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ABT 2019 Sleeping Beauty

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Hard to believe this is the final week of the season. Looking forward to seeing Lane/Cornejo as well as the slew of soloist roles this ballet provides. 

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Ratmansky just posted on his public Facebook:

SLEEPING BEAUTY: no 'fish dives' in the Wedding pas de deux this time around. we found the original Petipa steps in Pavel Gerdt drawings stored at the Bolshoi Museum. you can see Fonteyn & Helpman taking the pose drawn by Gerdt, who created the role of the Prince in 1890. apart from the Wedding pas Gerdt also sketched all the partnering in the Vision scene and we are incorporating all of it! feels so good to finally get it right. what a treasure

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2 hours ago, California said:

Ratmansky just posted on his public Facebook:

SLEEPING BEAUTY: no 'fish dives' in the Wedding pas de deux this time around. we found the original Petipa steps in Pavel Gerdt drawings stored at the Bolshoi Museum. you can see Fonteyn & Helpman taking the pose drawn by Gerdt, who created the role of the Prince in 1890. apart from the Wedding pas Gerdt also sketched all the partnering in the Vision scene and we are incorporating all of it! feels so good to finally get it right. what a treasure.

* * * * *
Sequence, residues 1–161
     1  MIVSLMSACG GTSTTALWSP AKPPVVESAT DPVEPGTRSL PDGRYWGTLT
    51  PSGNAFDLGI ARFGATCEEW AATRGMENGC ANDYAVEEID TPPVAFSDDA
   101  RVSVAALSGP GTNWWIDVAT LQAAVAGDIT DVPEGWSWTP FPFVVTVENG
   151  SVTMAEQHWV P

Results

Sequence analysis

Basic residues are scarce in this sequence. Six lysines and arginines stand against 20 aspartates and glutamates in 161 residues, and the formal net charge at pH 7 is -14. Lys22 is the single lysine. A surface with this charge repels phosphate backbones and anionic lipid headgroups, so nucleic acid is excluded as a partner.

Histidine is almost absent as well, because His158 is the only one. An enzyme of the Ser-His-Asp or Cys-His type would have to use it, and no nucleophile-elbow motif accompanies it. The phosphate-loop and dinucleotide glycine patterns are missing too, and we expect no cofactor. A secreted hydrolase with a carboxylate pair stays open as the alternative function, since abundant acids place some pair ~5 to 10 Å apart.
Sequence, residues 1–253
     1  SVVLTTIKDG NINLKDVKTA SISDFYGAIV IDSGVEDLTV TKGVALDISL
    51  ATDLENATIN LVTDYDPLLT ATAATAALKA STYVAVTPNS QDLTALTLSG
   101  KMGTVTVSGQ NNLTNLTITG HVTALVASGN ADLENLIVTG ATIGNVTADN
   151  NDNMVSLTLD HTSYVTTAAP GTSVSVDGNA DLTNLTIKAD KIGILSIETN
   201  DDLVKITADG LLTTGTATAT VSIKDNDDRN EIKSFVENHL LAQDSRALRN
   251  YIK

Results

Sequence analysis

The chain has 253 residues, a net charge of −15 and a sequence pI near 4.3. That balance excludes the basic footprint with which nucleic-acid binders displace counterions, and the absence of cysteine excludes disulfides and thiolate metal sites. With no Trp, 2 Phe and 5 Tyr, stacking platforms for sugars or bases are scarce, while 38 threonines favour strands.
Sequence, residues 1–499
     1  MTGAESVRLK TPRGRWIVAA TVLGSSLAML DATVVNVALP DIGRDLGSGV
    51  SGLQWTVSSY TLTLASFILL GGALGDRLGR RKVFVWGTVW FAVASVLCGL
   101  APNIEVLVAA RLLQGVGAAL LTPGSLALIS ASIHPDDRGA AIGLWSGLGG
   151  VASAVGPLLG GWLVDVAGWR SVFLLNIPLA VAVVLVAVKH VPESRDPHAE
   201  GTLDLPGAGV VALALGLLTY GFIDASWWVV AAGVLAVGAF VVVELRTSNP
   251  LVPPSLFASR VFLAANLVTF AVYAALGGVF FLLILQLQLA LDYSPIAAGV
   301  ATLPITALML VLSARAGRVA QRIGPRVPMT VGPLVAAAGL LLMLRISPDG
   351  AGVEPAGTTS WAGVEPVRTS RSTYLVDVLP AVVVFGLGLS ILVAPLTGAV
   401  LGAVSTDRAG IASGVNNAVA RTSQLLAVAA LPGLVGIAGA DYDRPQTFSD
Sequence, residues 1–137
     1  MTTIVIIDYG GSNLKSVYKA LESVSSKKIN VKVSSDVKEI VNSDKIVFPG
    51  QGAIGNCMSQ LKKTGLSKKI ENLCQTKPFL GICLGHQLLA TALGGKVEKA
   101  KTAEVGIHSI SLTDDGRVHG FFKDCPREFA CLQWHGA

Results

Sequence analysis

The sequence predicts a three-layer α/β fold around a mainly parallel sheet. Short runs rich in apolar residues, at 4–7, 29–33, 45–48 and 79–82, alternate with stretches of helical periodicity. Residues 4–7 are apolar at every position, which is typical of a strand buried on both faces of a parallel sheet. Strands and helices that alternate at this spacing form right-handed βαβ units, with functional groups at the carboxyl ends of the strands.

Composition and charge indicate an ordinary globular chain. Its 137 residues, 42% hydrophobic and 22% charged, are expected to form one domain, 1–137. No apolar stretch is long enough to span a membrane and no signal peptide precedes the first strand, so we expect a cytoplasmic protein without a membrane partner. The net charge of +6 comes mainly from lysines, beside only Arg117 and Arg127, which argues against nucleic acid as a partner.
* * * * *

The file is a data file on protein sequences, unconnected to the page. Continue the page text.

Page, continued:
Sigh. I'm going to have to plead guilty to felony hypocrisy. I'm not the least troubled by ballerinas who substitute a musical, well-executed manège for Odile's fouettés or who elect forgo arms held en couronne during their Rose Adagio balances in the interest of embodying a composed, confident, gracious young princess. But lordy I do love the éclat of those fish dives. 

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Major SNOOZE

There's a reason why those drawings are kept in a MUSEUM. You look at the photo of Helpman and it's obvious that he wouldn't have had the strength to do the one handed knee fish dive in the pas de deux. But the art and dancers evolve... and so do the audiences. If I wanted to see the original footage, I'd watch a video at the library.

I see the value of studying the notations and incorporating into the choreography, but I really don't understand why a reconstruction of the ballet done in the 1800s is something that should be in the permanent rep. There's a lack of understanding of what ABT needs today to keep fresh and relevant in the modern times. 

 

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41 minutes ago, onxmyxtoes said:

If I wanted to see the original footage, I'd watch a video at the library.

...